Even Without Calvin Johnson, Matthew Stafford Should Be a Great Fantasy Football Asset This Year
“It was the best of times, it was the worst of times… it was the spring of hope, it was the winter of despair, we had everything before us, we had nothing before us…”
I think Charles Dickens, if he was alive today, would have been a Detroit Lions fan. The passage above is part of the opening paragraph of his famous A Tale of Two Cities, and it describes the glory of freedom and simultaneous chaos in the wake of the French Revolution. A comparison to the conditions of the city of Detroit itself comes to mind, as well, but certainly this description -- if nothing else -- fits with the Motor City’s favorite football team in the wake of the 2015 season.
This was an offense that had enormous ups and downs between the first and second halves, and does feel like a “tale of two teams”. Still, I think the progress that the Lions -- and quarterback Matthew Stafford himself -- made in the second half is a good indicator for fantasy success in 2016.
The Track of a Storm
Prior to the Lions’ Week 9 bye last year, they were an offense in shambles. The wide receiving corps was as ugly as the guillotine, the running backs would have lost footraces to even the laziest nobles of Louis XIV’s court, and Stafford himself was slinging more wildly than Robespierre on a loyalist witch hunt.
Net Expected Points (NEP) can help us to see just how bad the Lions’ situation was in the early goings of the 2015 season. NEP is an analytic helps us take the numbers we get from the box score and shows how that player or team did versus expectation. By adding down-and-distance value to standard box score information, we can see just how much each play and each team as a whole influence the outcome of games. If Stafford completes a pass for five-yards on 3rd-and-2, it means more to the game than it does on 3rd-and-10, and those plays should be valued accordingly. For more info on NEP, check out our glossary.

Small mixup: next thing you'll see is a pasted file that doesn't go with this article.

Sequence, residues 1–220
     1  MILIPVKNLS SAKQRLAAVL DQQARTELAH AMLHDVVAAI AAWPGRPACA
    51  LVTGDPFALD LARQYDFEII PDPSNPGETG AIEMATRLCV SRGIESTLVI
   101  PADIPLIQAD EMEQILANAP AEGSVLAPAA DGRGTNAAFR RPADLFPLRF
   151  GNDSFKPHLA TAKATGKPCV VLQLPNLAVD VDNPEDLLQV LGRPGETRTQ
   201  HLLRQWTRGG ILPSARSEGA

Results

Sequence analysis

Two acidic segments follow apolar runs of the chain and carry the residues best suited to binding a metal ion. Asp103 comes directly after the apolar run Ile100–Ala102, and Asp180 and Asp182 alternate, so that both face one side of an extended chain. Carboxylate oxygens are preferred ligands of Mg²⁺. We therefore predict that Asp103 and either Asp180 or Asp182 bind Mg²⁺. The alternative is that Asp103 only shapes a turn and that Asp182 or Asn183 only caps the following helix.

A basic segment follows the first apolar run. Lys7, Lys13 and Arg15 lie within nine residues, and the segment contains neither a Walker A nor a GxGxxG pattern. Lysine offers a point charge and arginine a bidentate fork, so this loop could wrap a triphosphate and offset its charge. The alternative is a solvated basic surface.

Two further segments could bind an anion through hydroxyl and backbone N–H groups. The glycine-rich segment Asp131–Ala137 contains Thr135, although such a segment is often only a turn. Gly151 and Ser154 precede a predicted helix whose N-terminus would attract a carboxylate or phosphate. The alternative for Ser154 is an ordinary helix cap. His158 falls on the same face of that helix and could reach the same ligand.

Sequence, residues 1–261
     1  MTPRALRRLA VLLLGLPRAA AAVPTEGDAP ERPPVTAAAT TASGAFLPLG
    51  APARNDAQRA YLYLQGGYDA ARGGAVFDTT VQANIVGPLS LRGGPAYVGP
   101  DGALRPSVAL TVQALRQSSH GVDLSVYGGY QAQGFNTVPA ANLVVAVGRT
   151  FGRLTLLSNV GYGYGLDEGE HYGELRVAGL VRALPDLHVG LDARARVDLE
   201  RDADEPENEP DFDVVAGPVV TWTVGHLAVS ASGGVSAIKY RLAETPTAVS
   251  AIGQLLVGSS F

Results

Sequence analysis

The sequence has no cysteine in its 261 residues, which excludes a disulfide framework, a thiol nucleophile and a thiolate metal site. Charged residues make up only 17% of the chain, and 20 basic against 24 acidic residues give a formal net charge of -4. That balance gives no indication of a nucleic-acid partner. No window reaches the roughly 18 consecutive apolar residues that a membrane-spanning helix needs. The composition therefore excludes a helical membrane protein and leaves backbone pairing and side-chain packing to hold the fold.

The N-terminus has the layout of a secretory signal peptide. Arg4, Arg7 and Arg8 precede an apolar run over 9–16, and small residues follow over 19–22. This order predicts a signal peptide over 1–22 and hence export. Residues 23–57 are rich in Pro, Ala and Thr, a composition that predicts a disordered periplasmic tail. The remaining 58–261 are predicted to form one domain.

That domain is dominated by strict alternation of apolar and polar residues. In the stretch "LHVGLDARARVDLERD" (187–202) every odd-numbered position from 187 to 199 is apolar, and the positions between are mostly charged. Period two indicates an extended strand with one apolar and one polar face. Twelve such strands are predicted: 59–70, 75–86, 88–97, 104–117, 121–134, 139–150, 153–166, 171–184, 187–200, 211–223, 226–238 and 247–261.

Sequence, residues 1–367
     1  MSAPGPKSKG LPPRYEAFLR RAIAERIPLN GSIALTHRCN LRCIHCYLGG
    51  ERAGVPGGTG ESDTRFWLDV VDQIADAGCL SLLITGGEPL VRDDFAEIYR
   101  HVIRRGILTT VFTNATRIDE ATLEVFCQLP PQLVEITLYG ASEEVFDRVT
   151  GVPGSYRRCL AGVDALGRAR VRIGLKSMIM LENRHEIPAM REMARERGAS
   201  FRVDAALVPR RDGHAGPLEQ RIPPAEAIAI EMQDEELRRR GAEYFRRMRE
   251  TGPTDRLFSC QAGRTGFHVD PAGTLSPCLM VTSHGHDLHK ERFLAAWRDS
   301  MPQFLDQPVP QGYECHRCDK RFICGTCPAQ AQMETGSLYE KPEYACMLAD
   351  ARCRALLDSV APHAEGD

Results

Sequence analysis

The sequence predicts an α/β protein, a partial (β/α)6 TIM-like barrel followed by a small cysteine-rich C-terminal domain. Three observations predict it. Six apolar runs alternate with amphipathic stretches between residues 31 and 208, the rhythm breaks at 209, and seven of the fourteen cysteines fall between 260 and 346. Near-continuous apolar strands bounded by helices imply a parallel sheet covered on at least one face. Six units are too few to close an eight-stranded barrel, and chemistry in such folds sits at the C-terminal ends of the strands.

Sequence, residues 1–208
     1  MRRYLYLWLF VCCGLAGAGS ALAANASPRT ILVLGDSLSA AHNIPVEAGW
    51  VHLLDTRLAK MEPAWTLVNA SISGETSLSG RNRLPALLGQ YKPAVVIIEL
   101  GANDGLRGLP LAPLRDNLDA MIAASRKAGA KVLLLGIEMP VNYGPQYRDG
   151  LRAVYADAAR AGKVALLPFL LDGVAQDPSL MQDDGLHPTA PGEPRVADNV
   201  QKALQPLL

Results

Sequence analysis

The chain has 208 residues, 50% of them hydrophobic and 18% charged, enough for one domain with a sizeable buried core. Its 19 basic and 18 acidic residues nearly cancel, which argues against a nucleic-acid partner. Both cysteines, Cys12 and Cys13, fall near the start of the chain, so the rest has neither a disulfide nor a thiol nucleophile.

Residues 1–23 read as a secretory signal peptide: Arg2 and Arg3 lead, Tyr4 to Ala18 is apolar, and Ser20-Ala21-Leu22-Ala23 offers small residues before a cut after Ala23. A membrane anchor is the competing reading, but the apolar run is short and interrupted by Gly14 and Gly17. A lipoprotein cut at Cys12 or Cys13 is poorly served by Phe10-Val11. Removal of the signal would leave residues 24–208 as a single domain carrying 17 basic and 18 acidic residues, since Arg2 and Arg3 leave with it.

The table below shows the Lions’ production in schedule-adjusted Net Expected Points per play from Weeks 1 to 9, as well as their ranks in each of these categories.
|Weeks||Adj. NEP per Play||Adj. Passing NEP per Drop Back||Adj. Rush NEP per Rush|
|1-9||0.01 (24th)||0.05 (22nd)||-0.04 (23rd)|
The Lions ranked in the bottom third of the league in every NEP analytic, and were a wreck of a team. No one exemplified this “worst of times” feeling more than its quarterback Matthew Stafford. Through the first eight games of the season, Stafford had tossed 13 touchdowns and 11 interceptions, as well as a meager 6.97 yards per attempt despite a solid 65.4 percent completion rate.
With Calvin Johnson hobbled and Golden Tate, Theo Riddick, and Eric Ebron an afterthought in Stafford’s mind, the team went a hideous 1-7 in the first half of the season. All hope looked lost for the 2015 Lions.
Recalled to Life
Then, all of a sudden, everything changed. A new era of enlightenment emerged, ushered in by the Lions’ new offensive coordinator Jim Bob Cooter. From Week 10 onward, the offense was a juggernaut, despite Johnson continuing to deal with injury and ineffectiveness. The Lions rolled out six wins in eight games, and Stafford completely rebounded.
The table below shows Stafford’s production in both traditional statistics and NEP analytics, compared between Weeks 1-9 and Weeks 10-17.
|Weeks||Adj. Passing NEP per Drop Back||Success Rate||Comp%||YPA||TD%||INT%|